The methodology is to create an antenna that is made up of many smaller components that could adjust itself to capture whatever frequency it needs. As an example, when your smartphone leaves your home’s Wi-Fi signal, that same antenna could digitally reconfigure itself to capture GPS instead. Using this method, applications like GPS, Bluetooth and Wi-Fi will no longer need their own antennas.
When it comes to music we care a great deal more about sound quality than mobile phone manufacturers do, but with the advent of Hi-Res Audio (HRA), which is now on the cusp of taking the mobile world by storm, we are hearing audio capable of reproducing the full range of sound from recordings that have been mastered from high quality music sources—a sound that faithfully replicates the quality that the musicians and engineers were working with in the studio at the time of recording.
The highest quality MP3 track has a bitrate of 320kbps; CDs are transferred at 1,411kbps; and a 24-bit/192kHz file is transferred at a rate of 9,216kbps (HRA). The increased bit depth of HRA improves the dynamic range, giving you a greater range of sound from the recording.
Speaker placement also plays an important role in good sound. The Apple iPhone 7 and 7 Plus have stereo sound. They accomplish this by having one speaker at the bottom and using the earpiece as a second speaker. This is not ideal as one speaker is forward while the sound from the other is at 90 degrees. Forward facing speakers are better for a more enjoyable music experience.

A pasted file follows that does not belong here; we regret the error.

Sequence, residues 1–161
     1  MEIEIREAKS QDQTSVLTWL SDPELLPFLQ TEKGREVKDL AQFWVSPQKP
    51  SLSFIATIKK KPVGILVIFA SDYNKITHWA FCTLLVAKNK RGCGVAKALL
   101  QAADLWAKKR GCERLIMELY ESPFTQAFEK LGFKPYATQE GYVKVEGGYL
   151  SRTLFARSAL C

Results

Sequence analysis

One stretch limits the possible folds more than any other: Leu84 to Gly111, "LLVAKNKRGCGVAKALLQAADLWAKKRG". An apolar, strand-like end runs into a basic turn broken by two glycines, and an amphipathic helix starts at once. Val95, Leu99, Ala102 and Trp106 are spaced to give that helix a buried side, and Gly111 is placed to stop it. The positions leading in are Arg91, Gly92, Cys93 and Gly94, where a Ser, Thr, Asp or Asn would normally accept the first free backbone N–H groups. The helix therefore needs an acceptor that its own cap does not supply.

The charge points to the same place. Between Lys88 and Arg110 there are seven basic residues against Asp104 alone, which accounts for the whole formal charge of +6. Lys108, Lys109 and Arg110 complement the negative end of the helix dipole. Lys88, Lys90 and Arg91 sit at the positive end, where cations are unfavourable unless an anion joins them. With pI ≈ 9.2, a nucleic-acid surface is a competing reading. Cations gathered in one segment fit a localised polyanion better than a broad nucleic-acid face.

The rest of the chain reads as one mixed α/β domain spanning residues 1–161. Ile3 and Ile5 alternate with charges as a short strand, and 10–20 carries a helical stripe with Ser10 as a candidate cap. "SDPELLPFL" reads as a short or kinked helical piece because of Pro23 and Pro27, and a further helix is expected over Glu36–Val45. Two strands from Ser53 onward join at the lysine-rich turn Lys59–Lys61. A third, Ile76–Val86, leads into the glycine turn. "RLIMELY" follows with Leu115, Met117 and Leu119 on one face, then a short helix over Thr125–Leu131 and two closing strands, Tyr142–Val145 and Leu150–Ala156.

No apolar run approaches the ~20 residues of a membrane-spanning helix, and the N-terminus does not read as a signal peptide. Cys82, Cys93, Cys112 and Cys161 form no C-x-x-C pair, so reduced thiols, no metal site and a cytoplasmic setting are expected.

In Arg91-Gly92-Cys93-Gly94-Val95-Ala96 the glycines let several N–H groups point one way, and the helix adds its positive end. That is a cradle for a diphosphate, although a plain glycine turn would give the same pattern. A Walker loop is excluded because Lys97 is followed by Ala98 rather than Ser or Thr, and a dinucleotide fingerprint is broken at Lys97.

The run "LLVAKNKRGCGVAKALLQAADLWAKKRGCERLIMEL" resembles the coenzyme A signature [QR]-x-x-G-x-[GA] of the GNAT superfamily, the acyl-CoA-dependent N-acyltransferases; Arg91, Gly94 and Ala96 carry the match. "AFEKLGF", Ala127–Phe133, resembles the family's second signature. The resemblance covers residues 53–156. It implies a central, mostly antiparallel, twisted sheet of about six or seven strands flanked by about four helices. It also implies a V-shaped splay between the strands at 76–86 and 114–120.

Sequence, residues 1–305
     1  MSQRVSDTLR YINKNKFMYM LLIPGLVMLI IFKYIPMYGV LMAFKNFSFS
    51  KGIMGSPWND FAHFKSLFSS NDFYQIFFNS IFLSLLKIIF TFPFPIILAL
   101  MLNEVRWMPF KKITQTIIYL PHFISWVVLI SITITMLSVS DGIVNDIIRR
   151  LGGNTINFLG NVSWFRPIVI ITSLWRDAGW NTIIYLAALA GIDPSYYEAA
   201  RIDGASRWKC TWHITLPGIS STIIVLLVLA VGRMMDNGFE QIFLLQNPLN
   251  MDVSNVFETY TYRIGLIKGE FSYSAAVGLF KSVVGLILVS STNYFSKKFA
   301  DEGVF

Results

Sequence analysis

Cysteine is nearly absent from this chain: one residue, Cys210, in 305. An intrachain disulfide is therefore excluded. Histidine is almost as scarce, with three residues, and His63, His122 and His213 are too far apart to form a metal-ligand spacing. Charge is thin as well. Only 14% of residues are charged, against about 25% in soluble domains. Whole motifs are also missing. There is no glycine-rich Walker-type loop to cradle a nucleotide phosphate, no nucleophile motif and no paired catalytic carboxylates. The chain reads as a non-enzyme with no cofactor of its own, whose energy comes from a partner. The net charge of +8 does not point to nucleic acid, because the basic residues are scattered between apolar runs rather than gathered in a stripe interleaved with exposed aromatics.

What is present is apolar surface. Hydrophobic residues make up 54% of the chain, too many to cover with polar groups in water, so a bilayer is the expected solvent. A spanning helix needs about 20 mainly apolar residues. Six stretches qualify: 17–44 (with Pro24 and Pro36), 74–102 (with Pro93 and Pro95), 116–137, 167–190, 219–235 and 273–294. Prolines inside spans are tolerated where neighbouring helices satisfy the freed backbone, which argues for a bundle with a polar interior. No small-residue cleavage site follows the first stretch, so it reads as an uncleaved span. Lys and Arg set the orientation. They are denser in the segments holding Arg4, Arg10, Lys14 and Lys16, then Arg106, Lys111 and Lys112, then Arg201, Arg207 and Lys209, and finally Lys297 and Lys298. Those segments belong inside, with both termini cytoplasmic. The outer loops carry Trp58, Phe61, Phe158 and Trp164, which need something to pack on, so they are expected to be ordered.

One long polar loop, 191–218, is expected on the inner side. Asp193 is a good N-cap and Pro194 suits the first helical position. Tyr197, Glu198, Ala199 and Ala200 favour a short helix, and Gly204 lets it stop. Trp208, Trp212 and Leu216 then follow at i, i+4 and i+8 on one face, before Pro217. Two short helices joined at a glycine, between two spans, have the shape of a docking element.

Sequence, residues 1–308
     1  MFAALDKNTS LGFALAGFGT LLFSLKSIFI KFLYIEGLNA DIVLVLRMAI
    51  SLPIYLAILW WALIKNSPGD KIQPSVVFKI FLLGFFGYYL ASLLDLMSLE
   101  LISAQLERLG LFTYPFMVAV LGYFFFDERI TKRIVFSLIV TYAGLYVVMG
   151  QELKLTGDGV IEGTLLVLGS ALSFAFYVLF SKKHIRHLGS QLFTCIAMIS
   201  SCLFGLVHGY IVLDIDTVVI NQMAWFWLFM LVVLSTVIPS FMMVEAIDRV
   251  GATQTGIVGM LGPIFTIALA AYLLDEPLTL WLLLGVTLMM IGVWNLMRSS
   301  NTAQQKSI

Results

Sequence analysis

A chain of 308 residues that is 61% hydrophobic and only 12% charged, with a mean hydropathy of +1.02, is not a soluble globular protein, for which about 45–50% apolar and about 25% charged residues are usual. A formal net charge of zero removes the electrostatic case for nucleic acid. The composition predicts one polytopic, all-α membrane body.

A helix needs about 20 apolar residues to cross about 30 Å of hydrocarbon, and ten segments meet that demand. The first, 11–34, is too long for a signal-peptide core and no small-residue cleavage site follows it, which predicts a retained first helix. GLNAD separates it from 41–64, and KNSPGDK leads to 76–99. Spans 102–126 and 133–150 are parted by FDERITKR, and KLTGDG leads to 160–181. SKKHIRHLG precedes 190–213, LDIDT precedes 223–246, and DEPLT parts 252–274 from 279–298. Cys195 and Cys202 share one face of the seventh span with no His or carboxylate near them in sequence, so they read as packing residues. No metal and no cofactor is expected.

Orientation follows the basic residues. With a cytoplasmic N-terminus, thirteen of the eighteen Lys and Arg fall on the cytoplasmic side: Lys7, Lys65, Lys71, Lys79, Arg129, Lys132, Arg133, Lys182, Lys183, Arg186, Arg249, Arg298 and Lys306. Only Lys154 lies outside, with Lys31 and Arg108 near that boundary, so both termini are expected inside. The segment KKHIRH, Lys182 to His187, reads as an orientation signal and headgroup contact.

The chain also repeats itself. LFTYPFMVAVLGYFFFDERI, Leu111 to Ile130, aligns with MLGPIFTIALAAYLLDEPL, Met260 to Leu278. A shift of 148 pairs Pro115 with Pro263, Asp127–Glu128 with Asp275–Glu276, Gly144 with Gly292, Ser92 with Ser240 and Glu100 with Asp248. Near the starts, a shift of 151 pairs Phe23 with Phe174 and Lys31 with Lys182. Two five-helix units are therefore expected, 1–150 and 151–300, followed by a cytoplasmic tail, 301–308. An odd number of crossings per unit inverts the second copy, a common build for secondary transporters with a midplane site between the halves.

The new HTC 10 has many changes from the design to the hardware and software. In the HTC 10, the company improved the speakers and are calling the change “BoomSound Hi-Fi speakers.” One full range speaker is placed right where the earpiece is. But the other is now at the bottom, and is designed for low-frequency output—more like a subwoofer. The sound could use a little more volume.
Google’s Nexus 6P is expected to have a successor soon, but it features a stereo speaker system. The speakers on the device are placed at the top and bottom of the display, and has one of the loudest sound outputs.
The Marshall London might be the loudest smartphone on earth. Marshall is best known for its music hardware, ranging from amps to headphones, and has succeeded in building a strong brand. Marshall has purposely placed music at its heart, using the Cirrus Logic WM8281 Audio Hub. This smart codec gives the London a separate processor for music, allowing it to play at a higher resolution. At the heart of the London is the M-Button—a dedicated one-click access to your music, while the scroll wheel gives you quick access to volume control.
Samsung is coming out with the S8 this spring. It will have stereo speakers using Harmon technology. Samsung recently purchased Harman, which is admired by audiophiles, musicians and entertainment venues around the world.
We are waiting to see what the smartphone industry can offer, and how users will react to the emergence of new and better smartphones, especially in regards to sound. You can be sure that the big sellers will score high in sound-quality.
Len Calderone – Contributing Editor
He also writes short stores that always have a surprise ending. These can be found at http://www.smashwords.com/profile/view/Megalen.